I whip up a curry for the family for dinner with ingredients Jenny got from the local Aldi. We usually shop local, but Aldi had a lovely Sharks-coloured throw we couldn't pass up in its special buys ($55).

Daily total: $55.


Friday - Day six.

Oh bother. I woke up to messages informing me about another leadership challenge. I spend the morning sending off texts, making sure I have the support of my colleagues. Many rally behind me, but the threat cannot be underestimated.

I got so caught up I forgot to eat breakfast, so order a Big Mac combo on Uber Eats. I probably could've sent one of my AFP security, but hey, I've been pretty savvy with my half a million dollar salary lately, so what's $20?

The rest of the afternoon is spent on the phone to my staff. They take my advice and totally ignore the leadership drama, instead issuing a late afternoon press release on national security. Not for any particular reason, but that's always a fun conversation.

Jenny and the girls arrive home just in time for The Chase. We like to play along as a family. I never seem to win, but I guess I can't be good at everything.

We use the Sous Vide machine to make dinner, and enjoy a glass of wine from a leftover bottle taken from The Lodge. This time it was a Pierro LTC Sauvignon Blanc Semillion 2018 and it cost you, dear taxpayer, only $30.26.

Daily total: $20.

Saturday - Day seven.

Apparently my team uploaded a(nother) badly photoshopped image to Twitter this morning which is annoying, because I'd planned a round of golf but now I'm distracted by the memes. I inquire about professional photoshop training for them - paid for by all Australians.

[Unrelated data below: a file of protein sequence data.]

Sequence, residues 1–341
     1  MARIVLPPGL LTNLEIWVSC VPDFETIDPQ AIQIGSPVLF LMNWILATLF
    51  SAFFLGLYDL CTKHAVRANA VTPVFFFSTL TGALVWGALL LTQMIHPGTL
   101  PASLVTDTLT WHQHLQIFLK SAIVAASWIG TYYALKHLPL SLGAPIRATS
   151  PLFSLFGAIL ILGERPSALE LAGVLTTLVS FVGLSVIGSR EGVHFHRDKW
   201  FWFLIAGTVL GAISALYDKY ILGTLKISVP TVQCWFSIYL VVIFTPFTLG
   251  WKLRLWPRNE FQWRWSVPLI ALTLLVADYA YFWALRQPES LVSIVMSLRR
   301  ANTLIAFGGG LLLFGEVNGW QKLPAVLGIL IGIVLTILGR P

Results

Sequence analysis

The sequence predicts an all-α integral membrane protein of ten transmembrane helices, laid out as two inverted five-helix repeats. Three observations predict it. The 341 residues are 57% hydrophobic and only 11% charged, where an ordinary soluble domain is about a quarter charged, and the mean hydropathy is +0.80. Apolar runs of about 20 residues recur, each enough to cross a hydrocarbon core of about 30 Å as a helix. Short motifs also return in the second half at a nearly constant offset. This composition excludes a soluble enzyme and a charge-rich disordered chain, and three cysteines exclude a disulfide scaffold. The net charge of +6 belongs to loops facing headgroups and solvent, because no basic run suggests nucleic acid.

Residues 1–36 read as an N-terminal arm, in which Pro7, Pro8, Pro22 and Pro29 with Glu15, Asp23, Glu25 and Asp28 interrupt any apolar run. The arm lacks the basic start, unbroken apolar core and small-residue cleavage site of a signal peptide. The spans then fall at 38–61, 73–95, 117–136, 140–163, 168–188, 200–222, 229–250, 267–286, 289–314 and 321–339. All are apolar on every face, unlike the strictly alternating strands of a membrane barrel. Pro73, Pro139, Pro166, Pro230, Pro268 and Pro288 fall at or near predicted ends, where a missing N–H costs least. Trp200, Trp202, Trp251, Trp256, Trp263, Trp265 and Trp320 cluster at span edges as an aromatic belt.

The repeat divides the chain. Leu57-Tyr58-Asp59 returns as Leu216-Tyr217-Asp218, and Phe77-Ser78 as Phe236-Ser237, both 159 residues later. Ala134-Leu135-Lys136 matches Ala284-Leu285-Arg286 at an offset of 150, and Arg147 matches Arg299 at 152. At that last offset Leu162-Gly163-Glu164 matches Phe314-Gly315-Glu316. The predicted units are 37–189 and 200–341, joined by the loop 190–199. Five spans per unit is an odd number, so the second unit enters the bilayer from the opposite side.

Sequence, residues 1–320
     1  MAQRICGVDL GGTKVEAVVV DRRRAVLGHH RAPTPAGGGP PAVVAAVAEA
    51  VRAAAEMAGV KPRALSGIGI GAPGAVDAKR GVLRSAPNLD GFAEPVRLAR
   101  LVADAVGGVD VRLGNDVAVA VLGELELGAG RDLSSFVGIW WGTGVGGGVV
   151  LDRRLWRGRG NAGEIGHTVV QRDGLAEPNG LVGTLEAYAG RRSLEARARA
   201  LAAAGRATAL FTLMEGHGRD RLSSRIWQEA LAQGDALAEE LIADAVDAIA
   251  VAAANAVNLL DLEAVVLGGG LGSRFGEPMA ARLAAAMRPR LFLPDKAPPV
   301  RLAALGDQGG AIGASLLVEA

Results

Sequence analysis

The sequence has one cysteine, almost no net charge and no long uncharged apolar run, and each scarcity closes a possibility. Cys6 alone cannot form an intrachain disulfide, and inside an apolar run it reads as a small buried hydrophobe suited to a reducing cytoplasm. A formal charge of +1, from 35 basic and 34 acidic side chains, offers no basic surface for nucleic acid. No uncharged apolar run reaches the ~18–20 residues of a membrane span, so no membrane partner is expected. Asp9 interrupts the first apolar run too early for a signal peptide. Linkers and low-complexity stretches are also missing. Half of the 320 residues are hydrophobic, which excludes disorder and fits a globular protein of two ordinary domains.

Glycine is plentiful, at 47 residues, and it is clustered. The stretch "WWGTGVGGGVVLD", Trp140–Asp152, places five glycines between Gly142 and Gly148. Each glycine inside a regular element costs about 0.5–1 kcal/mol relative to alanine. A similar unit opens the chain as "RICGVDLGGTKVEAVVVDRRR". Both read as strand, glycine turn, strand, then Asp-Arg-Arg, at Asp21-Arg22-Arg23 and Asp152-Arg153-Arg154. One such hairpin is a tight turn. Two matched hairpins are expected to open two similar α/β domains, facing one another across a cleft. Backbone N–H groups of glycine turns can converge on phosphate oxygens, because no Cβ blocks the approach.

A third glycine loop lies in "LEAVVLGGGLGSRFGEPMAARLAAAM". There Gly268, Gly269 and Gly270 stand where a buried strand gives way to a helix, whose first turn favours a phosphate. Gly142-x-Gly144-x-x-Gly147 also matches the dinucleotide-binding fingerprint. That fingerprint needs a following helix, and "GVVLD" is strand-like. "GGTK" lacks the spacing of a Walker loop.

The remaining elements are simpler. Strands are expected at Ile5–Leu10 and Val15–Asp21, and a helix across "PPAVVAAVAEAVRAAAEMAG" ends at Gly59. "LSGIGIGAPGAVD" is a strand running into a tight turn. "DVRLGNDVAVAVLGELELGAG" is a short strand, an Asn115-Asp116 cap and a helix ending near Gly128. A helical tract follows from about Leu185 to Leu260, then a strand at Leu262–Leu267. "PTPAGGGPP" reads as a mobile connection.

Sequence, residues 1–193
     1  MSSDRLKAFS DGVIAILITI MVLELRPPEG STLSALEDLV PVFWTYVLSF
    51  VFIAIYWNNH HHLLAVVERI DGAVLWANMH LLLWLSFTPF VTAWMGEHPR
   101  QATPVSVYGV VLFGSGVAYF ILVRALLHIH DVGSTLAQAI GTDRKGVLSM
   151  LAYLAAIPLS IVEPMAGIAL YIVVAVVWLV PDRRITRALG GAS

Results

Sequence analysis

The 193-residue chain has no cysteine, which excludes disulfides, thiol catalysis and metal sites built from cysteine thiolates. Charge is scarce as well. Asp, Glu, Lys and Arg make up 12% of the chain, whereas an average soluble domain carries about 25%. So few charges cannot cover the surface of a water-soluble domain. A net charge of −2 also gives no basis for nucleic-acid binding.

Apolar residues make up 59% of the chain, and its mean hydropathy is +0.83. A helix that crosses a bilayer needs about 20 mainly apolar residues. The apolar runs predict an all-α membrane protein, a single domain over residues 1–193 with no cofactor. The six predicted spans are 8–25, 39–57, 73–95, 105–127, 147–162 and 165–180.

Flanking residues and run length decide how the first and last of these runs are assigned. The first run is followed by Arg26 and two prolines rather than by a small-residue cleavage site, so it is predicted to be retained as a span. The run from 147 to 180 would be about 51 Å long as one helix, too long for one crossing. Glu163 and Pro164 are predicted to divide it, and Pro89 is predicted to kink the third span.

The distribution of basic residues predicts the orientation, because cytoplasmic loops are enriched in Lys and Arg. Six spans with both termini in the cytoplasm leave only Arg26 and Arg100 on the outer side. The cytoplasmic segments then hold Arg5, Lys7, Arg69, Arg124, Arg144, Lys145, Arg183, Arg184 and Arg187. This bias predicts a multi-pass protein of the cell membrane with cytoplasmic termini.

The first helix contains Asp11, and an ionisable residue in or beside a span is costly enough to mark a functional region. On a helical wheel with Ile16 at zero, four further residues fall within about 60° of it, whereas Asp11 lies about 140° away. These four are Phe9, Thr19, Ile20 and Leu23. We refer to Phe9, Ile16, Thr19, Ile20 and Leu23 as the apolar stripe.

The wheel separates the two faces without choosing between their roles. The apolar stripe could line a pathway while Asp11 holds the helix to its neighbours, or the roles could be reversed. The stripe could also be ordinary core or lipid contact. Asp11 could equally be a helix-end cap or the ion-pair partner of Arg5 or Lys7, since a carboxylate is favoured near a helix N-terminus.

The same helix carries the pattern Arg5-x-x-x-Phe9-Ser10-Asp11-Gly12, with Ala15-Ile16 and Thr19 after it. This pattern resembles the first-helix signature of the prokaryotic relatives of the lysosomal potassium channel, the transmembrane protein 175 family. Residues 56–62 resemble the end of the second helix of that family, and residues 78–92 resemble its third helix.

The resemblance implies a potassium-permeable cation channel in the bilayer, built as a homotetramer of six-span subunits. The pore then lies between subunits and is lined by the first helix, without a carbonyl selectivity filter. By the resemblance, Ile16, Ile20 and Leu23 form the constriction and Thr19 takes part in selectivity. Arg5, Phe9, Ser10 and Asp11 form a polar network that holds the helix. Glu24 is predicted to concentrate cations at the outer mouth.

I'm off to Hawaii tomorrow so I head along to church today. This is my ideal weekend actually - a catch up with the man upstairs before catching a flight.

I download the week's Home and Away episodes to keep me entertained. I heard Alf gets married? What a true blue Aussie. It's a shame he's not real, because surely he'd vote for me.

I throw all my Hawaiian shirts in a suitcase and make sure my security are prepared for the flight as well. I've paid for my own flights and accommodation ($10,000) but taxes covers security. It really is wonderful that you guys understand my need for protection at all times - and I know for a fact the AFP guys love the Hawaiian beaches too.


Daily total: $10,000.

Weekly total: $10,000.

Reflection: I have to say, I'm impressed by how well I use taxpayer dollars. Rest assured I am extremely grateful for it all, especially the $1899 Sous Vide. How good is being Prime Minister?

* Note. This is not Scott Morrison's real money diary.